Kick with My Left Foot
Allen & Unwin, 2014
hbk., 24pp., RRP $A19.99
I pull the sock on my left foot
I pull the sock on my right foot
I lace up the boot on my left foot
I lace up the boot on my right foot …
It’s time for footy!
This is a charming story of a little boy who loves his footy and can do everything well with his right and left hands, except for when it comes to kicking. When the tries to kick with his right foot, the results are less than great. But kicking with his left foot is a totally different matter! In a place where footy is an integral part of life, being able to kick well is an important skill and there is great excitement when his left foot kicking is the clincher.
Accompanied by illustrations that depict the emotions of both the boy and his dog perfectly, this story really appealed to the younger readers in my family who are struggling with left and right, as well as with throwing and kicking. In fact, Miss 3 and a half immediately went outside and practised with both feet to see which one worked best for her. Many times the results were those shown in the pictures but with practise she began to improve, and now has also sorted out that left/right confusion.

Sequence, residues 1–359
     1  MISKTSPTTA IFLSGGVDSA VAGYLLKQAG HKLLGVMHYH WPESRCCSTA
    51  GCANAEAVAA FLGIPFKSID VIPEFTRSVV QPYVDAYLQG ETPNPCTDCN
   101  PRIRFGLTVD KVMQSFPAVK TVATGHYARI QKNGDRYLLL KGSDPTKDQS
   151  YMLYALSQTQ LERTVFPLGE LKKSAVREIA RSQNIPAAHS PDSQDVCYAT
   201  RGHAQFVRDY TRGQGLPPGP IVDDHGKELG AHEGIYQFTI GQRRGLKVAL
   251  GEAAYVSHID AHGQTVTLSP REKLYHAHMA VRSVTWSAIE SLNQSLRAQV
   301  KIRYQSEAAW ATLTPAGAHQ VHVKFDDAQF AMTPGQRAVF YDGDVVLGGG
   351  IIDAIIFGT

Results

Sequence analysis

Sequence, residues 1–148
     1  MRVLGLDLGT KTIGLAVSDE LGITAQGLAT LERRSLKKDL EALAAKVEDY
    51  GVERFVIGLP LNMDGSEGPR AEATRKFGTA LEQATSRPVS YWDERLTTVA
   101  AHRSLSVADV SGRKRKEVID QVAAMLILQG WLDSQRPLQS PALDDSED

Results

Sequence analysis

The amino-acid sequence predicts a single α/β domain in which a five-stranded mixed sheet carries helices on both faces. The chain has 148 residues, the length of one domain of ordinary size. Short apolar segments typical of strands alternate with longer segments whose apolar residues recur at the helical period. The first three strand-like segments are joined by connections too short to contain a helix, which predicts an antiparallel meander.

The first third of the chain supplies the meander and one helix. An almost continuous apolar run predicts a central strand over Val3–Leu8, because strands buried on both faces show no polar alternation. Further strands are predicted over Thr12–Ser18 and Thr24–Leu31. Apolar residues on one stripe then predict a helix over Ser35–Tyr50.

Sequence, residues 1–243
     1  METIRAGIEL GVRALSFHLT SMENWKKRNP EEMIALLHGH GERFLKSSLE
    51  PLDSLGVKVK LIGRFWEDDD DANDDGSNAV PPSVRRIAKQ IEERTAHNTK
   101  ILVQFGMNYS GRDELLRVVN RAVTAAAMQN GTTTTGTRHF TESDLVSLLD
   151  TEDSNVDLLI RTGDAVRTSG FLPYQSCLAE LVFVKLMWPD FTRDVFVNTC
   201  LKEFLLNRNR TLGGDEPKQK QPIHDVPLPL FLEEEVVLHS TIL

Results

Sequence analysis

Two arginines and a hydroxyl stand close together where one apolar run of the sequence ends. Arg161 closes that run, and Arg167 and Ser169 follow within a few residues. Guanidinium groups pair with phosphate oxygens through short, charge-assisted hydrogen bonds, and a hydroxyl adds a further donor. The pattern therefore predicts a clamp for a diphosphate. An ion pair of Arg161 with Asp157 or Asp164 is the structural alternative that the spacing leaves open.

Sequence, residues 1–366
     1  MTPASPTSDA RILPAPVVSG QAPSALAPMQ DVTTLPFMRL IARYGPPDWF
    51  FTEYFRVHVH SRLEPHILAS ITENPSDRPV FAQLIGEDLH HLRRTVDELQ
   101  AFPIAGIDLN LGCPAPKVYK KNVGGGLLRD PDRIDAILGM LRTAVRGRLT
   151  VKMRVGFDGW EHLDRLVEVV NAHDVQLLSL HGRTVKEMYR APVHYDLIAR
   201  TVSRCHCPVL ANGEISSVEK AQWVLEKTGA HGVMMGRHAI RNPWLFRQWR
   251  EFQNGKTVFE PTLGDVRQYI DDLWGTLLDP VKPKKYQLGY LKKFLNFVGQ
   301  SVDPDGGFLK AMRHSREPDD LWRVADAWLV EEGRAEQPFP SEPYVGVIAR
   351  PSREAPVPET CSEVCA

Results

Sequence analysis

The book is one of the Emerging Indigenous Picture Book Mentoring Project a partnership between the Little Big Book Club and Allen & Unwin in which six previously unpublished Indigenous writers and illustrators will have their work showcased in four picture books during 2014. Each creator has been partnered with a renowned mentor in children’s publishing including Nadia Wheatley, Ken Searle, Nick Bland, Ann James, Bronwyn Bancroft, Boori Monty Pryor and Ali Cobby Eckermann to share ideas, techniques and inspiration for their first published work. The project has been funded by the federal government through the Australia Council and it means that not only will our cohort of children’s writers be enriched but our students will have access to authentic texts that will work towards the understanding and harmony between our cultures that is at the heart of so many of the Australian Curriculum outcomes. Even though it is written for an early childhood audience, there is a lot that offers scope for comparing and contrasting lifestyles and landscapes that would enable younger students to continue the development of their critical thinking skills. Even determining which code of football is being played requires observation and justification!